ReviewsHere’s what people are saying about our book.
ITNow (British Computer Society)
Our book was Book of the Month in the May 2006 edition of ITNow, the membership magazine of the British Computer Society. The review includes the following comments:
This excellent book is aimed at software architecture practitioners who need to get to grips with the development of practical architecture … The book is well laid out, highly readable and provides a very useful perspective.
If you are a BCS member you can read the full review here.
Our book was reviewed in the July / August issue of IEEE Software. The review includes the following comments:
This practitioner-oriented guide is the kind of book I would have liked to read when beginning my professional career … It’s not hard to see that Software Systems Architecture is an outstanding book. It’s difficult to pack so much practical information in a single volume, but Rozanski and Woods have succeeded in doing so.
International Conference on Software Engineering (ICSE)
Our book was cited in a research paper presented to the 2006 International Workshop on Early Aspects in Shanghai, China. Along with Garlan and Anthony we are described as “the generally accepted interpretation of viewpoints in software architecture.”
Rozanski and Woods [25, 29] identify that quality properties (for example security) appear in several architectural views. This is clearly related with the identification of crosscutting in the previous section. The authors introduce architectural perspectives as complementary to architectural views in the sense that they define a set of activities, tactics and guidelines to ensure that the system exhibits a particular quality property. Architectural perspectives is not a technique for modular description but rather a framework to guide and formalize the process of ensuring that a particular architectural property is met, perspectives are applied onto views.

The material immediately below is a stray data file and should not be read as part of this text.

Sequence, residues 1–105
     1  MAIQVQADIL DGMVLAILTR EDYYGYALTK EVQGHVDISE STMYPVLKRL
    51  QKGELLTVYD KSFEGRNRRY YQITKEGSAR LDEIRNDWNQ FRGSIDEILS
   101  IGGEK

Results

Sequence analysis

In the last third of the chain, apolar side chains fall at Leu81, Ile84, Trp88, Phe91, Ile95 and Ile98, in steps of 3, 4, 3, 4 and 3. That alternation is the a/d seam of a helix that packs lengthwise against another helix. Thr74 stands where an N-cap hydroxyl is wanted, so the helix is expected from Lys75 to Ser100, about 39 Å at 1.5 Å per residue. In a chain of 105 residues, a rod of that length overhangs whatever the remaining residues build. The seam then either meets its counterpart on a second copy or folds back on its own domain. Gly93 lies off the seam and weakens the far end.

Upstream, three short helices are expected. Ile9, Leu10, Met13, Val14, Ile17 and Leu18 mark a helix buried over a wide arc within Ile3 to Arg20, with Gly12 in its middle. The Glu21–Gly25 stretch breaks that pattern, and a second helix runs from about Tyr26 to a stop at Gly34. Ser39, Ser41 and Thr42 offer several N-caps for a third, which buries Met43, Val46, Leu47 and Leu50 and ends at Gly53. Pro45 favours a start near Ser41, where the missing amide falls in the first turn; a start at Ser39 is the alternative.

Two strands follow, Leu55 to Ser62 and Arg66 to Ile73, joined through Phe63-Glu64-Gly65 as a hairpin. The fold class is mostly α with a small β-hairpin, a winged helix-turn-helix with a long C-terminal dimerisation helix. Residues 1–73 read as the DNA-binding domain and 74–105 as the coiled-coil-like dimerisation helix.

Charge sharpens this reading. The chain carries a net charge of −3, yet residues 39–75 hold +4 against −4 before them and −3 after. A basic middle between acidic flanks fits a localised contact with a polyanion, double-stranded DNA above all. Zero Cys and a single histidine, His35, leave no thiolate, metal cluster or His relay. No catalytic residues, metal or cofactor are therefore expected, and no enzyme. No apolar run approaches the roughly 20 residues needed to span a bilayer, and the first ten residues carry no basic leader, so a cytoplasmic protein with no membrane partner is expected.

Carnegie-Mellon Software Engineering Institute (SEI)
The SEI is a research and development center operated by Carnegie Mellon University. They publish many books on software engineering, and have developed the Software Capability Maturity Model (“CMM”) for evaluating and measuring the maturity of the software development process of organizations.
This book is essential since it puts process on architecture. It also introduces the concept of perspectives which is very powerful to further focus on achieving quality attributes. It also helps gives people a start on viewpoints. Together with Software Architecture in Practice, one of the best books I’ve read in years.
Association for Computing Machinery (ACM)
The ACM is probably the largest and oldest international scientific and educational computer society in the industry. Our book was reviewed on the ACM Reviews site in August 2005 (registration required to read full review).
Rozanski and Woods have succeeded in their goal of writing the missing text for the beginning software architect. The working practitioner, either new to information systems architecture or experienced in it, will gain a valuable reference book, useful throughout a career in the field. This text could also easily be used in any university course on the topic …
International Assocation for Software Architects (IASA)
IASA is non-profit organization, started by architects (mostly volunteers), which focuses on the profession of software architecture. The IASA President reviewed our book recently. An extract follows: